According to research, nearly three-quarters of organisations are issuing corporate-owned laptops (74 percent) and smartphones (71 percent) to their workforces, while less than half of businesses dish out tablets. But the analysts at Frost & Sullivan said the number of business-issued tablets will rise over the next three years "as many of the more data-intensive mobile applications migrate over to the tablets". By 2016, enterprise ownership and regular usage of smartphones is expected to decrease from its current base of 66 percent to 58 percent, while tablets are expected to increase from 49 percent to 56 percent — almost the same level.

Saturday, July 26, 2014

Minerva Project Mixes Online Learning With World Travel - KIRK CARAPEZZA, WGBH

Would you attend a college that sends you around the world to live in different cities while taking all of your classes online? Minerva Project CEO Ben Nelson is banking on the notion that the world is ready for a new and different kind of university. "If you want to have a student experience that is around the concept of a campus, sheltered environment, go to your local football games, fraternities, you have plenty of options,” Nelson said. “But if you want to go to school while really immersing yourself in the best the world has to offer, we are your only option."

A cheaper, faster version of a college degree - Mary Beth Marklein, USA TODAY

No one appears quite ready to dismiss the value of a college degree, but cheaper, faster alternatives are gaining credibility in the workplace. The latest example: AT&T is working with a for-profit online education provider to develop "nanodegrees," its name for a series of courses that will take less than a year to complete and lead directly to entry-level jobs at the company related to Web and mobile applications development. The coursework, to be launched this fall by online education provider Udacity, will cost about $200 a month. The only prerequisite: the ability to do high school math. A more advanced learner can skip the courses and go straight to a final project.

Portal to Offer Free Online Courses to Africa's Managers and Entrepreneurs LILIAN MUTEGI, All Africa

The African Management Initiative (AMI) has launched the first series of online courses developed with top business schools aimed at reaching one million African entrepreneurs and managers in the next decade. Currently reaching over 800 managers, the first course - Managing Customers and Markets - is available on AMI's new online learning platform. The course was developed by Strathmore Business School. Other online courses offered by AMI include managing myself, managing rojects, managing customers, financing impacts, managing people, scaling impact, managing customers, designing for impact and managing money.

Friday, July 25, 2014

Competency-Based Learning Provides Perks for Online Students - Devon Haynie, US News

Imagine going to school in an online environment separate from any time requirements -- where you could test out of a course in a day if you proved you mastered the content. While still rare, students increasingly have the option to do just that as more online programs embrace something called competency-based learning. Competency-based learning allows students to work through an online course at their own pace, taking less time if they understand the material and more time if they are struggling. When students feel like they can demonstrate their knowledge or "competencies," they take a test or complete a project to show their mastery.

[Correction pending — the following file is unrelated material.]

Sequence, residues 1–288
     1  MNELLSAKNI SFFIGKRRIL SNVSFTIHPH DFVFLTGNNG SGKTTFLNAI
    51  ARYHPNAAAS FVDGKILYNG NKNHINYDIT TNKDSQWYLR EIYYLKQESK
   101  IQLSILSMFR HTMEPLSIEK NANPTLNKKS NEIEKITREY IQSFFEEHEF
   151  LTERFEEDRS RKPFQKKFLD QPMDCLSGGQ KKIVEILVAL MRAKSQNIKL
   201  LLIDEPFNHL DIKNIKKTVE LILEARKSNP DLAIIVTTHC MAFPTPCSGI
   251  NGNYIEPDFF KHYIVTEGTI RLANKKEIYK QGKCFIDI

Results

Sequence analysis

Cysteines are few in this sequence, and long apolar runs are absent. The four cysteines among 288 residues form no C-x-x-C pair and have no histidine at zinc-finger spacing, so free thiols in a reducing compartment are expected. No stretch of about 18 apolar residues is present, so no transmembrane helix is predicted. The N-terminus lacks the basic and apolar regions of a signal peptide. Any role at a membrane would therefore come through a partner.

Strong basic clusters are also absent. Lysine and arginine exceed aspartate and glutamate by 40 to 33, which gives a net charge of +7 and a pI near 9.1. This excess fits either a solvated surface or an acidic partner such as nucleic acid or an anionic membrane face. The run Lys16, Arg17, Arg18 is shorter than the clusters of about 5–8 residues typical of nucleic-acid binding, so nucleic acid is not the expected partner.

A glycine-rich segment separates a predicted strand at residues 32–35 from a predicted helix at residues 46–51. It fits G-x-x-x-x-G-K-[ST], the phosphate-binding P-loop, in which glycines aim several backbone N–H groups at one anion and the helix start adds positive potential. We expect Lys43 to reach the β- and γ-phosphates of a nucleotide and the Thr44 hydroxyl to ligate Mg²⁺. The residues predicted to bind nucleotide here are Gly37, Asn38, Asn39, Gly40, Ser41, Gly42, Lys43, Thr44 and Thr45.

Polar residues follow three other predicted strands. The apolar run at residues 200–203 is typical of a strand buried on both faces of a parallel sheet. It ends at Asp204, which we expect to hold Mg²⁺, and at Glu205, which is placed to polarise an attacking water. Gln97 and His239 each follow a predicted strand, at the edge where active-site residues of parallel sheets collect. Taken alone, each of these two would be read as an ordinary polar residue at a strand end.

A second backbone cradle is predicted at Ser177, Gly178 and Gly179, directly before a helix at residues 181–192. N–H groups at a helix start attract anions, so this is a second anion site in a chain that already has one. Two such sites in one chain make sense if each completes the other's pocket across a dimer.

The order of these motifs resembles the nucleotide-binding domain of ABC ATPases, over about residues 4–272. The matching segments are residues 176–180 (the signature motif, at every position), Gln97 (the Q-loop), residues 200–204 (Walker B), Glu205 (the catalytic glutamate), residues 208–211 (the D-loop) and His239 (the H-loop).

Rethinking What a 'Traditional' College Education Entails: Five Misconceptions About the Online Learning Experience - Tracy Lorenz, Huffington Post

Society's notions of "traditional students" have become antiquated as yesterday's nontraditional student has become today's traditional student. As the student demography and needs change so must our notion of the "traditional college education" experience. In a recent commissioned survey, Zogby Analytics uncovered that, from a student's perspective, the "University of the Future" needs to be accessible, flexible, innovative and job-focused.

• Accessible -- The students want to get and share content online; gone are the backpacks full of textbooks.

• Flexible -- A majority of students want courses offered at all times of the day or night and without fixed schedules to accommodate students who work or just prefer learning at different times.

• Innovative -- Nearly half want access personalized instruction or tutoring online perhaps rendering the traditional classroom experience less important.

• Job-Focused -- Students want a university that is clearly focused on producing students who are prepared to excel in jobs that are needed by industry and society.

Sound familiar? These are the same reasons that drive students to seek degrees from institutions with online programs

What everybody should know about Google’s new initiative - Molly Schulson, eCampus News

After analyzing its own gender problem, Google launches code initiative to expose young girls to coding. Usually when someone visualizes coding, they think of a male doing it — a la the movie “Social Network.” Rarely does a woman’s face pop up in one’s imagination when thinking of a computer scientist. When Google recently looked at their company’s composition and realized that women only accounted for 17 percent of its tech employees, they wondered why. After much research, Google then decided to create an initiative called “Made with Code” to attempt to balance the gender scale.

Thursday, July 24, 2014

Bill Gates On Higher Education - Lucie Lapovsky, Forbes

Bill Gates addressed the business officers of colleges and universities Monday at the annual meeting of the National Association of College and University Business Officers in Seattle. He was clear that our colleges must deliver value and we must measure what they are delivering. He noted that our business model in higher education is under challenge. He suggested that we are beyond being able to fine-tune the model and will need to see radical change. Our revenue sources are challenged and we cannot expect to see them increase in the coming years and thus we must develop much greater efficiencies in how we deliver our product. We need to ask the difficult questions about what programs schools offer and how much duplication we need. He sees fewer departments and schools in the future. He challenged the business officers to be front and center in measuring the effectiveness of what is offered at our colleges and universities.